The withdrawal of public subsidies from humanities and social science programmes in English higher education has sent shock waves around the world. This is widely seen as a more significant precedent than the £9,000 tuition-fee cap or contestable markets at the top and bottom ends of the league tables.
The world still straddles the "two cultures": in the US and Canada, for example, they are combined into faculties of the arts and sciences. Subsidising just science-based areas fosters a lopsided "idea of the university" and offers a strange suggestion of what the academy is - or so it seems to many international observers.
But humanities and social science academics outside the UK also know that the old J.H. Newman certainties are wavering. Treasury departments across the world are watching the English experiment with interest. If the humanities lose students, this will be seen as proof that the classic disciplines have limited market appeal - and if they don't, it will be seen to vindicate coalition policy.
These forebodings are running through non-science circles in Australian universities at the same time as a government-appointed committee reviews public funding. The review is being led by Jane Lomax-Smith, a former Lord Mayor of Adelaide, and reports on 31 October. Its brief is to frame a new system of public subsidies by discipline and level, based on a defined public/private split of benefits.
This takes the review's work into difficult conceptual and policy terrain, and not just because governments are spooked by spending increases. Public benefits are hard to define and measure. This is not the same as saying that those benefits don't exist, but it renders especially vulnerable to underfunding those liberal disciplines that are dependent on assumptions about societal benefit.
It is clear that neither Australia's Labor government nor its Lomax-Smith committee will follow Lord Browne's English pathway through this terrain (although if the conservative parties were in power they might have done).
All the same, no one knows what the review will produce and academics in the humanities and social sciences are watching closely. For two decades they have been hurt by poor relative funding rates and low international student numbers, except in business studies. The review will shape the short-term economics and long-term trajectories of all disciplines.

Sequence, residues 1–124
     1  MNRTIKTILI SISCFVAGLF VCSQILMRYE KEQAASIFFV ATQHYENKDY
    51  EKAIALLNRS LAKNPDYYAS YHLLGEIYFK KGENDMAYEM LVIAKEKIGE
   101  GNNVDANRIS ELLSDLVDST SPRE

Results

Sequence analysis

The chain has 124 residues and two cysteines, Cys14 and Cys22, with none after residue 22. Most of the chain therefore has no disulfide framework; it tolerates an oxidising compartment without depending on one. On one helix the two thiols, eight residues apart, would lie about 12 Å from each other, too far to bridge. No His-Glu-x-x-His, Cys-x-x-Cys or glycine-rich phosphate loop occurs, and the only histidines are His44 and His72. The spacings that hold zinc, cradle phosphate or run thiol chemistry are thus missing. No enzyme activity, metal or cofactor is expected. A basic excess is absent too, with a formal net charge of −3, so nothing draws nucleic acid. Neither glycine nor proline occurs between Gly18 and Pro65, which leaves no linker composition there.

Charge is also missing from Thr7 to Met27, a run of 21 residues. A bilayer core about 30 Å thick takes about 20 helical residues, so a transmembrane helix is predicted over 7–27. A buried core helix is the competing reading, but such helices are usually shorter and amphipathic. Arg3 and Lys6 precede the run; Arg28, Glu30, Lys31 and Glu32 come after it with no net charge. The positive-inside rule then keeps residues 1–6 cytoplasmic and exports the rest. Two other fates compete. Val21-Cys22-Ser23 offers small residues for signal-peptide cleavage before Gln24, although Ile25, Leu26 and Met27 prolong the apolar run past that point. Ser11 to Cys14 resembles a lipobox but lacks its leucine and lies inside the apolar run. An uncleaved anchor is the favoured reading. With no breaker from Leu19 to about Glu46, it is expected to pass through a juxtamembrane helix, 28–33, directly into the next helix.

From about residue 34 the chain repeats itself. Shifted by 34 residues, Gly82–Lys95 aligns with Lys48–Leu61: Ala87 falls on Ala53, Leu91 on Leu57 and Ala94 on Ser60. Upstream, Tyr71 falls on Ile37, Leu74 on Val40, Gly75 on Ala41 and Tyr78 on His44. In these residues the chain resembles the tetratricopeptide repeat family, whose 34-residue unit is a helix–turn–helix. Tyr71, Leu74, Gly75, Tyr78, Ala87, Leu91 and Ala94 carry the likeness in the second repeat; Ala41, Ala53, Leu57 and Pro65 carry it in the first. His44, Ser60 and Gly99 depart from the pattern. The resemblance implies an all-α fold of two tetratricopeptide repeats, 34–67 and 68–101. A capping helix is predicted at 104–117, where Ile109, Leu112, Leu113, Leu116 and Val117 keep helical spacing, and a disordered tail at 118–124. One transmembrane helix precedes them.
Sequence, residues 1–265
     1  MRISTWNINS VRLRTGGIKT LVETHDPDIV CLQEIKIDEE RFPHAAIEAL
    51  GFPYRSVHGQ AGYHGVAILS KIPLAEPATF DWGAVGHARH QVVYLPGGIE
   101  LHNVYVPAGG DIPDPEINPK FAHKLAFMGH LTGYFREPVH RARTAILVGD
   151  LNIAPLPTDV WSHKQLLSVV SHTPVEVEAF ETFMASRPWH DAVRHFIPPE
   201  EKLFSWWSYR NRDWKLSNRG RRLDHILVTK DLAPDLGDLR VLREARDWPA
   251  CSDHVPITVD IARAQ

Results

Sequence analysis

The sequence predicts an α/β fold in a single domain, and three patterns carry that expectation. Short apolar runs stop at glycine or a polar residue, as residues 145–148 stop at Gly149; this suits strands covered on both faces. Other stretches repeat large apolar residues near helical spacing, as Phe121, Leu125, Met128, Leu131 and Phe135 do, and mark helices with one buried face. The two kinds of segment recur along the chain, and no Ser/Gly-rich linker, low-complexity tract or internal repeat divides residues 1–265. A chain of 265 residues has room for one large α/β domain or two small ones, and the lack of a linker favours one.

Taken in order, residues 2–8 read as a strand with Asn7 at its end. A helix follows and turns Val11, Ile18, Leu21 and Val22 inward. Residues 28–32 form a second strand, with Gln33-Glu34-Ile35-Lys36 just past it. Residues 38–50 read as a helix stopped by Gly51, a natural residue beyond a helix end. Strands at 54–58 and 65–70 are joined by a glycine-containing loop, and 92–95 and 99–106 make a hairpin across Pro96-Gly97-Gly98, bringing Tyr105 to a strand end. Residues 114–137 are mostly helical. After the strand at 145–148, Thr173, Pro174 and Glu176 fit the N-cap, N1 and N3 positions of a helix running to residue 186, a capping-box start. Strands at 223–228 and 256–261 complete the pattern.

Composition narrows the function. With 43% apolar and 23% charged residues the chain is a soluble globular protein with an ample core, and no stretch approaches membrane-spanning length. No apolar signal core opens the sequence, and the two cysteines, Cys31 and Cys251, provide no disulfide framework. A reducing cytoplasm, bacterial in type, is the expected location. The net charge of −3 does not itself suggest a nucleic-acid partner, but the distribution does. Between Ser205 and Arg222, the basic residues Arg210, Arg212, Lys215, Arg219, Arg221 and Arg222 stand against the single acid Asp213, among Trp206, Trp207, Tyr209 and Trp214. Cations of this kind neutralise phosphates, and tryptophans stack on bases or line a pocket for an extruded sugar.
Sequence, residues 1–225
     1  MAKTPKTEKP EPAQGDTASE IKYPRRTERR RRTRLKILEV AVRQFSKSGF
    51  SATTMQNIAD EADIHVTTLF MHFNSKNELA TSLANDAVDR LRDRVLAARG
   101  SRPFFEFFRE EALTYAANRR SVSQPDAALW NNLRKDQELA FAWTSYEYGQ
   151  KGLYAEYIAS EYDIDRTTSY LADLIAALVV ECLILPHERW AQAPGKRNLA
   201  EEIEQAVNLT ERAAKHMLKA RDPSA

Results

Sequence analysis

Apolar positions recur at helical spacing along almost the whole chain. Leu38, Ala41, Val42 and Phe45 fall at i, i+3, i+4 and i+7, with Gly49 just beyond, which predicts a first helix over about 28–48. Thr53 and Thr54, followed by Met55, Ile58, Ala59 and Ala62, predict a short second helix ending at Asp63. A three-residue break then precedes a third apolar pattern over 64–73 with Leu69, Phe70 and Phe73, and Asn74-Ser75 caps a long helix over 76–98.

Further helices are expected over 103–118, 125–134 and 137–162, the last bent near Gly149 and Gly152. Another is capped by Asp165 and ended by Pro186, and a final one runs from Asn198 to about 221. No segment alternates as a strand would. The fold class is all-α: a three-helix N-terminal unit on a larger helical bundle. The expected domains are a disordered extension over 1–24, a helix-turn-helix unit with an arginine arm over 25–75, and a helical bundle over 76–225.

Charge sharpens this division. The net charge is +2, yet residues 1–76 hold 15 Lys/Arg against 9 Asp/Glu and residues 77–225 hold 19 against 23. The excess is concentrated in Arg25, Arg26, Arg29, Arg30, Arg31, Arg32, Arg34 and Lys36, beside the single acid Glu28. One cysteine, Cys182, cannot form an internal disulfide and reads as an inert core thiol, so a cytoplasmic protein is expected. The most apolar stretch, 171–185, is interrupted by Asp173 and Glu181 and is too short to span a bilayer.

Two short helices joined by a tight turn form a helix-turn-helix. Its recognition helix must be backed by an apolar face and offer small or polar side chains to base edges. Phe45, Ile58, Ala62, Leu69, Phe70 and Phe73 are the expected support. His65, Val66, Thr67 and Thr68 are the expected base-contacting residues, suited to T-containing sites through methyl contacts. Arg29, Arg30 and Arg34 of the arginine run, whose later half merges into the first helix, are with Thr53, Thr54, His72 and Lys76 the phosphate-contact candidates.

These issues were aired at the end of last month at a University of Melbourne seminar on the public funding of teaching in the humanities and social sciences. The discussion - pithy, eclectic and sparkling - drew economists and political scientists together with historians, cultural-studies scholars, philosophers, university leaders, lobbyists and policy watchers (a reminder that liberal disciplinarians are not only good at talking but also good at explaining ourselves to ourselves).
There were no glib answers. After Stuart Macintyre, laureate professor of history at Melbourne, located the liberal disciplines in a narrative of nation-building, economists Peter Sheehan, John Freebairn, Bruce Chapman and Andrew Norton identified their private pecuniary benefits, private non-pecuniary benefits (for example, better health) and collective benefits, such as common culture.
It was agreed that policy assumptions about the public/private split are politically, not technically, driven; that non-pecuniary private goods and collective public goods are hard to pin down; and that not all that is valuable is measured.
There was disagreement about interpretations of graduate-earnings data by discipline, but agreement that collective externalities were discipline-neutral. Sheehan and Glyn Davis, Melbourne's vice-chancellor, noted that the policy rationale for the liberal disciplines was as much social and cultural as economic.
When the emphasis shifted to teaching and social and cultural rationales, answers became discipline-specific. Philosopher John Armstrong asked: "How do we get people to want the humanities enough to pay for them?" Literary scholar Stephanie Trigg and cultural experts Graeme Turner and Stephi Donald took the room from Chaucer to China. Barry McGaw, former education director at the Organisation for Economic Cooperation and Development, debunked domain-free generic skills.
The larger problem, referred to by former Labor finance minister Lindsay Tanner, is how these disciplines connect to the public in an era when the town hall meeting has gone, when cultural content and the democratic rationale for funding must find their way in the meta-network of focus groups, "shock jocks", tabloids, websites and blogs.
There was a strong feeling that the liberal disciplines were vital to all this - provided they could slot into the right policy framework. But is that the policy on offer?